As many as 2.5 million Americans have a condition known as chronic fatigue syndrome, in which they are often both mentally and physically exhausted.
But experts at the Institute of Medicine (IOM) say the term “chronic fatigue syndrome” (CFS) doesn’t do the condition justice and can understate how much it affects a person’s daily life.
That’s why, in a report released Tuesday, an IOM volunteer committee recommended the condition be called systemic exertion intolerance disease (SEID).
“Several studies have shown that the term ‘chronic fatigue syndrome’ affects patients’ perceptions of their illness as well as the reactions of others, including medical personnel, family members, and colleagues. This label can trivialize the seriousness of the condition and promote misunderstanding of the illness,” the IOM report states. “This new name captures a central characteristic of this disease — the fact that exertion of any sort (physical, cognitive, or emotional) — can adversely affect patients in many organ systems and in many aspects of their lives.”
The same condition has previously been called “myalgic encephalomyelitis,” a name that signifies muscle pain and brain inflammation. Researchers noted a lack of evidence to support brain inflammation as a symptom, as well as the fact that muscle pain isn’t a core symptom of the disease.
The IOM researchers also identified CFS as existing simultaneously with other life-altering conditions, including fibromyalgia, depression, migraines, allergies, and irritable bowel syndrome.
The new report was requested by the Department of Health and Human Services, the National Institutes of Health, the Agency for Healthcare Research and Quality, the Centers for Disease Control and Prevention, the Food and Drug Administration, and the Social Security Administration.
New Diagnostic Criteria for SEID
Doctors don’t know the full scope of CFS or SEID because up to 91 percent of people affected by it have not yet been diagnosed. Some doctors dismiss patients with CFS symptoms because they believe the condition is “all in their heads.”
Without proper treatment, the condition can affect the U.S. economy through lost productivity and medical costs by as much as $24 billion a year.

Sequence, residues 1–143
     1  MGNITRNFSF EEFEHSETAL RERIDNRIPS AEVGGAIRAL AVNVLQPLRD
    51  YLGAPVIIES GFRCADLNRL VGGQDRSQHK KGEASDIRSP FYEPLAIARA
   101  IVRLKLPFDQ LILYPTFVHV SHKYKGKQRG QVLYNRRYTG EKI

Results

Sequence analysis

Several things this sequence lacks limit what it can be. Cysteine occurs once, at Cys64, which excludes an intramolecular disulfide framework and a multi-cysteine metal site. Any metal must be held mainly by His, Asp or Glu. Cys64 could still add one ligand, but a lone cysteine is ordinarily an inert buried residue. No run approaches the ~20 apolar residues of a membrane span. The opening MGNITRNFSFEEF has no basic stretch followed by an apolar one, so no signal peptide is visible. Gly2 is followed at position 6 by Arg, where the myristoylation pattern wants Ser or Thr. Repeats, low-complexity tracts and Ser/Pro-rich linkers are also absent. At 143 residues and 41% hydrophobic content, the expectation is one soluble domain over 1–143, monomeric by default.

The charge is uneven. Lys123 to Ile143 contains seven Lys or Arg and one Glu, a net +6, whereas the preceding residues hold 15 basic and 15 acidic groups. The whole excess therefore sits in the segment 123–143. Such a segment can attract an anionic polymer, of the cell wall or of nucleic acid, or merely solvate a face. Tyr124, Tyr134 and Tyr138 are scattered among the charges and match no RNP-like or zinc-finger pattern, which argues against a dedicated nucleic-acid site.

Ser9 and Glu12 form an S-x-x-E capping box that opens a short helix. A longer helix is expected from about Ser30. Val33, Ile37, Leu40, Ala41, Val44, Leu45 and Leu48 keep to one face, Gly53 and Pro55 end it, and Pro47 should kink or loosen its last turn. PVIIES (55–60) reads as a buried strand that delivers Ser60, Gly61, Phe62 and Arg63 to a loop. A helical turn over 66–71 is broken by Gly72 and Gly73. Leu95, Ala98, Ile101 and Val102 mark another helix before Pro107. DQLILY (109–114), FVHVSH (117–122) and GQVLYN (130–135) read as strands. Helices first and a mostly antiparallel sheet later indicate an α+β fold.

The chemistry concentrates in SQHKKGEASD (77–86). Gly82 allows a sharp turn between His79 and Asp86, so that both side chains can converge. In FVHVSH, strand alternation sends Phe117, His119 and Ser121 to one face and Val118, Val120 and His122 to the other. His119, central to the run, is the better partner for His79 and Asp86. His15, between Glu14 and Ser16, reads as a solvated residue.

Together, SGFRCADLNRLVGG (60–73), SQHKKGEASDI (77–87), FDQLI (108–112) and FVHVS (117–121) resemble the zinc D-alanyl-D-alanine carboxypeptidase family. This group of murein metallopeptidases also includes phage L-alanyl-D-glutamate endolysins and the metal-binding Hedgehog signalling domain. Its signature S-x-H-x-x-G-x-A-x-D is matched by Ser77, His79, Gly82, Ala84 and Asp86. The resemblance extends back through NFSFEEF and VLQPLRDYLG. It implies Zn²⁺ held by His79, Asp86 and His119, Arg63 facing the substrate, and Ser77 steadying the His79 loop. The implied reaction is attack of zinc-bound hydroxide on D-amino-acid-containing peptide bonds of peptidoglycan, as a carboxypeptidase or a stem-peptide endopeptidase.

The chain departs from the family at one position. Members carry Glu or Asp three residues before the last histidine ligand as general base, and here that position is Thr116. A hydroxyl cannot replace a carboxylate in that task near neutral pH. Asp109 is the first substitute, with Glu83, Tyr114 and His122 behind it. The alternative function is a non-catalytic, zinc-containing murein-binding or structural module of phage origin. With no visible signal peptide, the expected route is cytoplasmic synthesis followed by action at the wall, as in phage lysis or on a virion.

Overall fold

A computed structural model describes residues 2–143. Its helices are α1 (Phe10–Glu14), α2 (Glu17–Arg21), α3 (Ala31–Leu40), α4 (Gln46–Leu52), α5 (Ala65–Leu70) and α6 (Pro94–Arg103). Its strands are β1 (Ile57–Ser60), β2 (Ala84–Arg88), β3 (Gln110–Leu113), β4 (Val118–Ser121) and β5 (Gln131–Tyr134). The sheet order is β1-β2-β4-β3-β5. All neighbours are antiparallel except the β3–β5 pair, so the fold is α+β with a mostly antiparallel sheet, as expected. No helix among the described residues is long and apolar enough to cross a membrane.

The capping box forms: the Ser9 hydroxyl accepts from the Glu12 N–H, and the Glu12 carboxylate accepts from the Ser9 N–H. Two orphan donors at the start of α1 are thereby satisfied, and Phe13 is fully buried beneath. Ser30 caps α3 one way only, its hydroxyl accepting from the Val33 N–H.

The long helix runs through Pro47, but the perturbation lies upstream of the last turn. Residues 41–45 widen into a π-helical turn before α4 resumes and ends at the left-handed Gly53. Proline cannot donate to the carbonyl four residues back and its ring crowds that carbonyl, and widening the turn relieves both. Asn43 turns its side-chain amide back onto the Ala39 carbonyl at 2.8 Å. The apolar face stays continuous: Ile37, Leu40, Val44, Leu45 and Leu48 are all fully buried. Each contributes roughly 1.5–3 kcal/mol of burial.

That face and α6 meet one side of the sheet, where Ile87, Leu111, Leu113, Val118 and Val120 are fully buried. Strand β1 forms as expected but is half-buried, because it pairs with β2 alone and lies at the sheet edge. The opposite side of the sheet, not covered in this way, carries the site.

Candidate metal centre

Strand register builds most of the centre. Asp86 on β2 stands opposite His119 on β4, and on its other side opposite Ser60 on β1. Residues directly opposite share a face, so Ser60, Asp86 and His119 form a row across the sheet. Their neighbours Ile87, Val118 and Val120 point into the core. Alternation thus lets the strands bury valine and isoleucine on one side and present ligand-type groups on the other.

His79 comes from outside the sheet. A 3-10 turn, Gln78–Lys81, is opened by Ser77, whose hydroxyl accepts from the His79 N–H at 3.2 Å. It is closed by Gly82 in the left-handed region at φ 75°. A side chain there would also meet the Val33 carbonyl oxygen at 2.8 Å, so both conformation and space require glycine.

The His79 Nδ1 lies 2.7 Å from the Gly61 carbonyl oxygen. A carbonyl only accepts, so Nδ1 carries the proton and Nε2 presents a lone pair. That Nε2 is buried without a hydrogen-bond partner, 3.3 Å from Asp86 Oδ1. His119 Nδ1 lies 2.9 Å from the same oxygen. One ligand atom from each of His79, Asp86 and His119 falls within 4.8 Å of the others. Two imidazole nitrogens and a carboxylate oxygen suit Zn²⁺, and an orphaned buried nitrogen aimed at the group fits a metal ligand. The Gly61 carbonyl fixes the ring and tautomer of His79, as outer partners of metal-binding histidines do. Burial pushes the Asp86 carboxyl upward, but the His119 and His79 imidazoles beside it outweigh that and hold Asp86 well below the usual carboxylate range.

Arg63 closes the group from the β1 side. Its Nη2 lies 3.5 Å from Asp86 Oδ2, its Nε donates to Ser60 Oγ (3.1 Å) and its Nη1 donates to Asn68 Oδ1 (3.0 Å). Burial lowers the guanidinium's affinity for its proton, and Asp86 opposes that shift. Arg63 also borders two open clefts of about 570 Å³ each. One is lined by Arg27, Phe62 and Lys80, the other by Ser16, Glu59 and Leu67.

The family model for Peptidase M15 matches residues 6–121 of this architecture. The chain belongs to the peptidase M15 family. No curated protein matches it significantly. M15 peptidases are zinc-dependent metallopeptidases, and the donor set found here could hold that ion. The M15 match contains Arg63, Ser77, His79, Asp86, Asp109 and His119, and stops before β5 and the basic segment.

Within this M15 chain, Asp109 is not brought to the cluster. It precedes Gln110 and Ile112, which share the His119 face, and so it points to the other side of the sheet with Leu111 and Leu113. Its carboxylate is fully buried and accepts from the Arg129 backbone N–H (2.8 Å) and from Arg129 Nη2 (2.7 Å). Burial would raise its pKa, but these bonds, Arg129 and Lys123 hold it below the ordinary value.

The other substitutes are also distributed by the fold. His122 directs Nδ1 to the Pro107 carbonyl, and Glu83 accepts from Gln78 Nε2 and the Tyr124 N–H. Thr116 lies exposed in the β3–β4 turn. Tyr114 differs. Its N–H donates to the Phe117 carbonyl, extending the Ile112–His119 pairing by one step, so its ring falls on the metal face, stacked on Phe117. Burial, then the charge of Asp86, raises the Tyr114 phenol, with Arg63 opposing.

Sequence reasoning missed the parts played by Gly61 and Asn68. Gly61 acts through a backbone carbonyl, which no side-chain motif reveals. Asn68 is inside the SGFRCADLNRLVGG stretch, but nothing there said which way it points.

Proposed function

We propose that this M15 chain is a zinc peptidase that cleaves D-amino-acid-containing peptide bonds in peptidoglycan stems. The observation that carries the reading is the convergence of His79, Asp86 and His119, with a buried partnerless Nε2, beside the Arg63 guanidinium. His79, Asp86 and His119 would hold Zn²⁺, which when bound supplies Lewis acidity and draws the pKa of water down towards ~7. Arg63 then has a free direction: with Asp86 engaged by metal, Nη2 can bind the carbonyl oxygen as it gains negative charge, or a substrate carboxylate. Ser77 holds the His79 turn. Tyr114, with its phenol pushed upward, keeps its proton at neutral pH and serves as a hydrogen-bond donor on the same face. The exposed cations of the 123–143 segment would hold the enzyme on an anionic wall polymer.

The IOM’s Committee on Diagnostic Criteria for ME/CFS suggested that the diagnostic guidelines for SEID be changed to reflect available research on the condition.
Diagnostic criteria for the disease formerly known as chronic fatigue syndrome require the patient to have three symptoms:
- For a period longer than six months, a patient experiences a “substantial reduction or impairment in the ability to engage in pre-illness levels of occupational, educational, social, or personal activities…” provided it is not due to ongoing excessive exertion and not alleviated by rest.”
- “Post-exertional malaise,” or a period of intense exhaustion following a period of physical activity
- Lack of refreshing sleep
The patient must also experience either cognitive impairment or orthostatic intolerance.
Orthostatic intolerance, which affects up to 97 percent of people with chronic fatigue, is a collection of symptoms that occur when a person stands upright. They are alleviated when the person sits down. Symptoms can include fatigue, lightheadedness, weakness, sweating, and anxiety.
The IOS hopes the new criteria will provide better education about the disease and improve care for patients.
While there’s no known cause of chronic fatigue, the report states symptoms may begin with an infection or “immunization, anesthetics, physical trauma, exposure to environmental pollutants, chemicals, and heavy metals and, rarely, blood transfusions.”
More research on the condition is essential, the committee noted.
“Remarkably little research funding has been made available to study the etiology, pathophysiology, and effective treatment of this disease, especially given the number of people afflicted,” a summary of the report states. “Thus, the committee was unable to define subgroups of patients or even to clearly define the natural history of the disease.”
Educating Doctors Remains a Challenge
One of the hardest-fought battles for people suffering from chronic fatigue is receiving the correct diagnosis.
The IOS panel noted that less than a third of medical schools cover the condition in their curricula and less than half of medical textbooks include it.
"Seeking and receiving a diagnosis can be a frustrating process for several reasons, including skepticism of health care providers about the serious nature of ME/CFS and the misconception that it is a psychogenic illness or even a figment of the patient’s imagination," states the report.
Too often, chronic fatigue is identified as simple exhaustion, which can lead to delayed diagnosis or misdiagnosis, the report states.